Badrinath calling…

Route: Kedarnath - Pipalkoti - Badrinath

In the morning I trekked down to Gaurikund from where I started trekking the previous day. Now my destination was Pipalkoti which is a 145 kms drive from Gaurikund. It was almost the last part of the day, and I checked into the hotel and had a deep slumber.

Next morning, my aim was to reach Badrinath, one of the four pillars of main Chardham Yatra. It is a motorable route and the main temple is located 3133 m above sea level. On the way to Badrinath, I found Narsingh Temple and Shankaracharya Samadhi standing with their beguiling stance.

Passing through this picturesque route, I finally reached the main temple premise. The location of this temple is truly exceptional as the Nilkantha Peak stands at its back. The central deity of this temple is Lord Vishnu who is seated in meditating posture. There is an impressive legend behind the discovery of this place.

Once Narada, the best devotee of Vishnu chided the lord for being engrossed in earthly pleasure. As a result, Vishnu came down to Badrinath to meditate. But Goddess Laxmi was very worried if her husband gets affected by the harmful sunrays, thus she transformed herself into a berry tree to give shade. Vishnu being happy with her concern promised her that the place would be known by her name only.

Moreover, according to an old belief, there were enormous berry trees (badari) in this place, from which the place got the name. The holy river Alakananda flows by this site and enhances its scenic beauty.

The most mystical part of this temple is the eternal lamp which is believed to be glowing since ancient times. Even when the door of the temple is kept closed for six months during winter it keeps glowing and the flower and flame remain untouched when the door is opened next time.

There are many other other important places to see in Badrinath like Mana Village, the last village of Indian Territory, Ganesh Cave, Vyas Cave, Bheem Pul and some more. There is a belief that Bheem Pul is the bridge through which the Pandavas went to heaven.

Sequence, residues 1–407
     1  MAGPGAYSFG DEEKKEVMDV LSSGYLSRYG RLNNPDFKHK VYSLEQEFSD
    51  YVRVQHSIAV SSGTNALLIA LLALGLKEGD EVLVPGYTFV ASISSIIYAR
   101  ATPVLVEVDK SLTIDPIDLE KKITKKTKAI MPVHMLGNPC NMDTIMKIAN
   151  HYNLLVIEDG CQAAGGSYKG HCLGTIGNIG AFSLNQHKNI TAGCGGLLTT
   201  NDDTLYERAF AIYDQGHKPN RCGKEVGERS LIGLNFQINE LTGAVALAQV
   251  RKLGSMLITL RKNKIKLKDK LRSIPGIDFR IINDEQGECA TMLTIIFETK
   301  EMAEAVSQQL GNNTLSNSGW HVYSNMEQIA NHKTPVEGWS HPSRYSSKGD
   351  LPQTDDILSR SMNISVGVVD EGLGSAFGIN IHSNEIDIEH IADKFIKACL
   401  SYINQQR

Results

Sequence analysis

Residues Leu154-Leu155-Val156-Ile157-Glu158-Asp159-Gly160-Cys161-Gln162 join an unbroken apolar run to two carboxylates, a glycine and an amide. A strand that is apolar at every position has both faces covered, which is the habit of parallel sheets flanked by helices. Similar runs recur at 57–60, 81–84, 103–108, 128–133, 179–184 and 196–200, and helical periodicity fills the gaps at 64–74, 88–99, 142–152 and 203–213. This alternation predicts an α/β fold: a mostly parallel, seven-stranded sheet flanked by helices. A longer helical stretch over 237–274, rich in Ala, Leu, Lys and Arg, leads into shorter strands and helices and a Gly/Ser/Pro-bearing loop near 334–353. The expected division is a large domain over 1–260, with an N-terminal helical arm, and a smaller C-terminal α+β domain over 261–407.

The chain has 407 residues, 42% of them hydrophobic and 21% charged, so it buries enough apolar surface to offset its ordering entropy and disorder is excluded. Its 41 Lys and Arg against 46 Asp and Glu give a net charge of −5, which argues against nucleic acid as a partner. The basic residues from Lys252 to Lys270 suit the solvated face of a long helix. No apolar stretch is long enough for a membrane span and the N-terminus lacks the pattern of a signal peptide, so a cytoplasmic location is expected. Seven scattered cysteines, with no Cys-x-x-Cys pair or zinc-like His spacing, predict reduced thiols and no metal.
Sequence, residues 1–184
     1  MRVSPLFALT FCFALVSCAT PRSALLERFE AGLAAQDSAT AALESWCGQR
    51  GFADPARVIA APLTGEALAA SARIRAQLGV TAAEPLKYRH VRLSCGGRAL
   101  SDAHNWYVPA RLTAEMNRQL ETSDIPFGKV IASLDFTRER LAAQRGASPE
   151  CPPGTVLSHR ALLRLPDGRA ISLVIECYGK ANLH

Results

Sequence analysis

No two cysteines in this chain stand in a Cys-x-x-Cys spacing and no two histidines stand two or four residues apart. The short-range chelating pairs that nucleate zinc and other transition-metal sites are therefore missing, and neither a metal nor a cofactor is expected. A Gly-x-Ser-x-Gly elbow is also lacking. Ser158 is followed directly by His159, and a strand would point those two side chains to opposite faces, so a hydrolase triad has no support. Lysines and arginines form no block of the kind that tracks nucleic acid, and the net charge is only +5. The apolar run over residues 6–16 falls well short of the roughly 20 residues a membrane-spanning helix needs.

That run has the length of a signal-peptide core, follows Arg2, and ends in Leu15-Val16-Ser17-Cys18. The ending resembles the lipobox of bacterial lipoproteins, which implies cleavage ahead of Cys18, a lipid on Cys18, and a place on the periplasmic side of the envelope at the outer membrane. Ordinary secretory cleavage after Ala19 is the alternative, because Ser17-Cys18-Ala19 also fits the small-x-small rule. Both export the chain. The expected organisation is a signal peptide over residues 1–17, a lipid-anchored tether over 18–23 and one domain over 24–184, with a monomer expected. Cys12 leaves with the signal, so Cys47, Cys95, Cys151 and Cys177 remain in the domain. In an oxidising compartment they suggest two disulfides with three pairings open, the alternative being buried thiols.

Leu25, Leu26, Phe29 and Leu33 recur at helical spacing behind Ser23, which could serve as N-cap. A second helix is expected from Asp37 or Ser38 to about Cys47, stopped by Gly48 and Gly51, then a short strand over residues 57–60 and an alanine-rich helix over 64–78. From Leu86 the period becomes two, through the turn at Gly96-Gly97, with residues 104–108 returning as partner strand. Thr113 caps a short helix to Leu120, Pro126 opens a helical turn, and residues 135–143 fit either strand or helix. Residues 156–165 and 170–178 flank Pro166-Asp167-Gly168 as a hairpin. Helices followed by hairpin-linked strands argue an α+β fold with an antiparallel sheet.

Badrinath to Rishikesh via Rudraprayag

My next halt was Rishikesh for which I needed to visit Rudraprayag. Physically I was tired like anything but my mind was yet roaming in a dream land. The route is 135 km long and took around 7 and half hours to reach Rudraprayag. I was not in the mood to roam anymore and took rest for the entire evening in my hotel cabin.

Next day I started for Rishikesh. The route passes through Devparayag where Alkananda and Bhagirathi meet each other and takes the name Ganga. I reached Rudraprayag by the afternoon and roamed around the ghats and Laxman Jhula temple. Spending the night in my former hotel, I started for Delhi at around 7 the next day morning.

Relating Myth with Reality

I was happy completing my most awaited Chardham Tour. I was stunned thinking about this 12 days long tour. My body was aching yet soul was flying to the foothills of Himalaya. I could feel the difference between leading a lavish life and a life of penance. I could see the people in all those divine spots are not at all demanding. They hardly complain about their living style. Detached from the mad rush of the city life, people here lead a very peaceful life.

I used to hear a lot about the life of the sages living in Himalayan Caves, now I could see them with my own eyes. The common men itself are the sages here. Mahadeva seemed to me nothing but the lofty mountain peaks of Himalaya from where Mandakini or Bhagirathi Ganga flows downwards to wash away the dirt of human life.

I could feel the significance of religious faith and why these rivers are worshipped. It is more practical than myth that Lord Badrinath is the saviour of human kind. The mountain ranges in this region are flourishing with a wide variety of medicinal plants and ponds and lakes containing various natural elements to treat incurable diseases. Moreover there are numbers of scientific and medicinal reasons behind completing this chardham tour, know those reasons here: http://www.chardham-tours.com/scientific-and-medicinal-reasons-to-visit-the-chardham-yatra/ . I could correlate the description of Kailash Parvat (the abode of Lord Shiva) and the divinity prevailing in each single Dham. I could realize the fact that scriptures do not teach us to live on a metaphysical world rather tell us to be practical and the Almighty is more natural than man-made.

Tags: badrinath, gangotri, kedarnath, rishikesh, rudraprayag, yamunotri